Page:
One of the most pernicious errors concerning America into which the English government was led by its ill-informed informers, was, that there was no material there out of which an army could be made. A Colonel Grant, forgetting how the regulars had run at the Monongahela, while a Virginia volunteer was vainly endeavoring to rally them and Virginia militiamen were holding the enemy at bay, kept Parliament on a roar with ludicrous pictures of American cowardice. Voice after voice took up the welcome tale, still believed by British soldiers when they marched to Concord, and not fully disbelieved till they had marched up Bunker Hill. No country, indeed, ever possessed better materials for an army than the thirteen Colonies; hardy yeomen, robust mechanics, bold sailors, accustomed from boyhood to the use of the gun, accustomed through half their lives to long journeys on foot or on horseback, at all seasons and in all weathers. Hundreds of them had fought by the side of English soldiers in the old French war; hundreds more had fought the Indians alone in frontier wars. Tales of hair-breadth escapes, of perilous marches, of patient ambuscades, of all the forms of primitive warfare, were as familiar to their winter-evening firesides as Homer's tale of Troy to a Greek banquet. Washington's name had reached the royal closet. Putnam was already the hero of many stirring legends. Prescott had brought back from the French war a high reputation for gallantry. Gridley had made himself a name at Louisburg as an engineer of rare attainments. Pomroy had taken his place with Ward and Stark; while scattered over the country were hundreds less known than they, but heroes, each of them, of his own village circle. There was not a wellfought field to which some American could not point with pride. There were dishonorable fields on which none but Americans had preserved their honor. It was from materials like these that United America was to form her army. It was with a full knowledge that these materials existed and could be reached, that the leaders of our Revolution began the war.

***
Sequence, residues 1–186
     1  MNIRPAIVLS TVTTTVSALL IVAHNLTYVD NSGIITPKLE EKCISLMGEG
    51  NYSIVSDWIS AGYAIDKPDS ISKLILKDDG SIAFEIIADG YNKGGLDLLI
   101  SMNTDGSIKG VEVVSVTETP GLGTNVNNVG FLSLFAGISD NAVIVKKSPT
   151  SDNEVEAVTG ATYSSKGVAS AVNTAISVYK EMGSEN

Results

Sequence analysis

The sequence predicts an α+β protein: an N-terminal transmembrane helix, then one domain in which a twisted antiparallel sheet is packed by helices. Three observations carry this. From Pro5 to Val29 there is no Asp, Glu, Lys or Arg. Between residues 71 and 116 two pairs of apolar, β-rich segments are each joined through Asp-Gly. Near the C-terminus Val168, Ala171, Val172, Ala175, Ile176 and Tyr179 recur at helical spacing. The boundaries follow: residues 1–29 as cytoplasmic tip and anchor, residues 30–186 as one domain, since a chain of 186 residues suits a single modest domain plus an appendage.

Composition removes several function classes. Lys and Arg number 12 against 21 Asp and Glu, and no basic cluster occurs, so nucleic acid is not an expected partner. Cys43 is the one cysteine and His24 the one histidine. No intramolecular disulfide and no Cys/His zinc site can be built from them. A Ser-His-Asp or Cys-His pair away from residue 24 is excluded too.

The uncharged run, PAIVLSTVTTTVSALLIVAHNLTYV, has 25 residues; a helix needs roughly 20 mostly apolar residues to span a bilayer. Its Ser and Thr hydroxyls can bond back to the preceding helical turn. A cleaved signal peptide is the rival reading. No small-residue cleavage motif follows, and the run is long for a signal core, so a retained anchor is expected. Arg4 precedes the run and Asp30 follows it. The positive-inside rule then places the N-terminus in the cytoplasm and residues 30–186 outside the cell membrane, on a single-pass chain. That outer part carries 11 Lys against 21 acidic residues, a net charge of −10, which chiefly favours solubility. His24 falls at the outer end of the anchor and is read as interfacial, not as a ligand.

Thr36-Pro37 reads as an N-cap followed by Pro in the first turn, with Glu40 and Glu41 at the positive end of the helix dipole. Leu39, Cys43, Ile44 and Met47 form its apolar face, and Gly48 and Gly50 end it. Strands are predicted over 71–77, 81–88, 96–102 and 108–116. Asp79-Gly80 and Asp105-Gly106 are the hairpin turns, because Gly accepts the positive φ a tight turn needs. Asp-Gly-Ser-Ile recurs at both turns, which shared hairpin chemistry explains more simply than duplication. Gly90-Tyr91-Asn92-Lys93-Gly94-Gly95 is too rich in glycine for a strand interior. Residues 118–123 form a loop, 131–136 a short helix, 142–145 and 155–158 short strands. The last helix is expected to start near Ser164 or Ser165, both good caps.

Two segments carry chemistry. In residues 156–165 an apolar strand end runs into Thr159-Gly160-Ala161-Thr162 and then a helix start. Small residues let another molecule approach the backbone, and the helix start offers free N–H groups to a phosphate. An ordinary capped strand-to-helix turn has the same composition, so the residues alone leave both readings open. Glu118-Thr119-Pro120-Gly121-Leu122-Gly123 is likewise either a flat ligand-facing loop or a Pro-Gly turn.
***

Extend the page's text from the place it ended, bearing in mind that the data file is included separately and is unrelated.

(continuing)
One grave doubt may have occurred to some of them. Could these men, admirable as they were for frontier soldiers, become regular soldiers ? Did not their habits of social equality unfit them for the nice distinctions and inflexible lines of military subordination ? Would they obey, as a soldier must obey, the man who had worked by their sides in the cornfield or in the workshop, and who owed his epaulets to their votes ?